Exploring the neurobiology of politics, scientists have found that liberals tolerate ambiguity and conflict better than conservatives because of how their brains work according to an article in the Los Angeles Times
In a simple experiment reported today in the journal Nature Neuroscience, scientists at New York University and UCLA show that political orientation is related to differences in how the brain processes information.
Previous psychological studies have found that conservatives tend to be more structured and persistent in their judgments whereas liberals are more open to new experiences. The latest study found those traits are not confined to political situations but also influence everyday decisions.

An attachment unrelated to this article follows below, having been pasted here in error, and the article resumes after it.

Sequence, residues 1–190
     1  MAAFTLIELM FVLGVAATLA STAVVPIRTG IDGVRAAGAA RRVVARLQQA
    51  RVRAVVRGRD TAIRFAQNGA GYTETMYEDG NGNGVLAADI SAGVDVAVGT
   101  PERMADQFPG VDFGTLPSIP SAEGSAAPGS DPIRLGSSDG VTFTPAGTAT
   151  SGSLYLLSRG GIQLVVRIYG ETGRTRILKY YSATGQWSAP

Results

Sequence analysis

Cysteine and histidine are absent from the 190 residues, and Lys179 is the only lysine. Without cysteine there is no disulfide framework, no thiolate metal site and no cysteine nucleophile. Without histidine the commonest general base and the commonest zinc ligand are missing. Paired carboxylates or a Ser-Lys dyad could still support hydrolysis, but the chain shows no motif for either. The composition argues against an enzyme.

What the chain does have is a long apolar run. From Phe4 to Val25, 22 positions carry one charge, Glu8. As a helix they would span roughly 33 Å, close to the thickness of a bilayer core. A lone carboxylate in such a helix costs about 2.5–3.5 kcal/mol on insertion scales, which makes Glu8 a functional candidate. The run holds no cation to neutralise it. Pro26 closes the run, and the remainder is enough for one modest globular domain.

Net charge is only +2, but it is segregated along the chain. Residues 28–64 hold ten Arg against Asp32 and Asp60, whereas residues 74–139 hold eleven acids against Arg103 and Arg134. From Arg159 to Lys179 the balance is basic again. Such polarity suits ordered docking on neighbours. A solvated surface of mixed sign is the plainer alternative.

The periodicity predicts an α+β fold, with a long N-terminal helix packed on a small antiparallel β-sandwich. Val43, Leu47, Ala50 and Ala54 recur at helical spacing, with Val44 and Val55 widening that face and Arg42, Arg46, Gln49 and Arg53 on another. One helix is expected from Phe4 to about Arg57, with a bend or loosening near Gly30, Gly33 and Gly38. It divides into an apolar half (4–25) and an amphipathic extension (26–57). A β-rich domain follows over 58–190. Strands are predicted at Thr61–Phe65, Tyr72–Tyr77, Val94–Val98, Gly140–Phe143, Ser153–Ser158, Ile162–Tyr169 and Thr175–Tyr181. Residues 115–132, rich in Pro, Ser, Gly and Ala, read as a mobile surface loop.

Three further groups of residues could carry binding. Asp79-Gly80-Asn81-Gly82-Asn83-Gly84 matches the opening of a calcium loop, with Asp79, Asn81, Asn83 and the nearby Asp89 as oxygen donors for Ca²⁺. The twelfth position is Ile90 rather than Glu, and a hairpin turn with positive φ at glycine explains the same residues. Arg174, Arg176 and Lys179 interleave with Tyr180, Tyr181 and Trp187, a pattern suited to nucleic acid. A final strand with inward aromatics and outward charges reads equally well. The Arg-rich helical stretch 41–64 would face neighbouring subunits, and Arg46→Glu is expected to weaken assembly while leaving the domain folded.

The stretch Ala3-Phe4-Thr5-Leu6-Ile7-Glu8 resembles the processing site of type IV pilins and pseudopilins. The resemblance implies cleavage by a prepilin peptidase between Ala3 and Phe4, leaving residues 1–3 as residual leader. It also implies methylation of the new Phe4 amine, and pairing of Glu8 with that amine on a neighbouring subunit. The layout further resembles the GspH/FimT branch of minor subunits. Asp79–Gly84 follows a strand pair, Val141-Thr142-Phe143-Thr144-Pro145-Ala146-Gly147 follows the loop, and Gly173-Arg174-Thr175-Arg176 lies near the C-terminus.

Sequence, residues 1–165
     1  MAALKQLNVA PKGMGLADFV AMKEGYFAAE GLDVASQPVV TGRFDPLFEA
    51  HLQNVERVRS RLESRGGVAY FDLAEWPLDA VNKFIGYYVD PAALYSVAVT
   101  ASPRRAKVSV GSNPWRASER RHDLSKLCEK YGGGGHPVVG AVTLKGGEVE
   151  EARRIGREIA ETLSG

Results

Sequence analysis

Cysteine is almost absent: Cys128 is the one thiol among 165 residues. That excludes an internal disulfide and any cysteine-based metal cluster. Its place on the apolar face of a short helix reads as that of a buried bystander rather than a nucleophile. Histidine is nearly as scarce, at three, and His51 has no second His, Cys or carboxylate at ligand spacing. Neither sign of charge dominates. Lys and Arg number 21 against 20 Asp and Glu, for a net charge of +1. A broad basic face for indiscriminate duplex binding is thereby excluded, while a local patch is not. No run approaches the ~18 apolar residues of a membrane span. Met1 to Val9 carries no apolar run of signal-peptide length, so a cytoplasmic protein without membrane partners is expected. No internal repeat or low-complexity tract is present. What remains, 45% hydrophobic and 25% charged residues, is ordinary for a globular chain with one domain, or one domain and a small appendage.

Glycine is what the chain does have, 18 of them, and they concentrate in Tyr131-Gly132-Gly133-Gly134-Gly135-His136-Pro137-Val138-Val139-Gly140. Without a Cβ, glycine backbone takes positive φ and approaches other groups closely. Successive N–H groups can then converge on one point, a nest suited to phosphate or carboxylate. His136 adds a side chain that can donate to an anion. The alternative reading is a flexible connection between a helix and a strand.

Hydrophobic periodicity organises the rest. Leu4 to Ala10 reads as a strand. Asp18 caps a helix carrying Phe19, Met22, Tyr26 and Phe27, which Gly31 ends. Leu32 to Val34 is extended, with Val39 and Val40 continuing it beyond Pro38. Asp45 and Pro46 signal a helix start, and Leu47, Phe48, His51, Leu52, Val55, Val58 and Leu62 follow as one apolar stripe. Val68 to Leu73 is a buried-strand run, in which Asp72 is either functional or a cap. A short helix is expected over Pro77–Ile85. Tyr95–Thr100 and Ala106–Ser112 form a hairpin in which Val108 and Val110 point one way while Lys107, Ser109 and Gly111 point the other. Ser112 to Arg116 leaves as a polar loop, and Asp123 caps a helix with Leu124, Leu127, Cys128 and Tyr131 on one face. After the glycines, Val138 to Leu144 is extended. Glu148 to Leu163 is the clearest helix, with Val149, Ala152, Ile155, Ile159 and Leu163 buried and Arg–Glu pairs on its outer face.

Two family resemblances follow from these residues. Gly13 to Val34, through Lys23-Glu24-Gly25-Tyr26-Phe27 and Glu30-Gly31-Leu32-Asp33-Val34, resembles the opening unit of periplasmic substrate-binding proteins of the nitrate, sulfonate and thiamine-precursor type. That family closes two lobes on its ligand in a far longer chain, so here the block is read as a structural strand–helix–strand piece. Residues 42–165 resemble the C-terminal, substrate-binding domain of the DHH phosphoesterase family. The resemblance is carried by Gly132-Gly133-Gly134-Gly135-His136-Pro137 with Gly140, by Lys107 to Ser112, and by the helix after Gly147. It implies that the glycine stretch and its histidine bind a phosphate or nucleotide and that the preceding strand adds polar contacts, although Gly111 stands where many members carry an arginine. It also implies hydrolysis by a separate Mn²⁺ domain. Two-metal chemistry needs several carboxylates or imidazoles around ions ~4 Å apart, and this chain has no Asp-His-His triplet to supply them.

The results show "there are two cognitive styles -- a liberal style and a conservative style," said UCLA neurologist Dr. Marco Iacoboni, who was not connected to the latest research.
Lead author David Amodio, an assistant professor of psychology at New York University, cautioned that the study looked at a narrow range of human behavior and that it would be a mistake to conclude that one political orientation was better. The tendency of conservatives to block distracting information could be a good thing depending on the situation, he said.
Read it all here
Perhaps this might explain why people have different preferences for the reading of Scripture.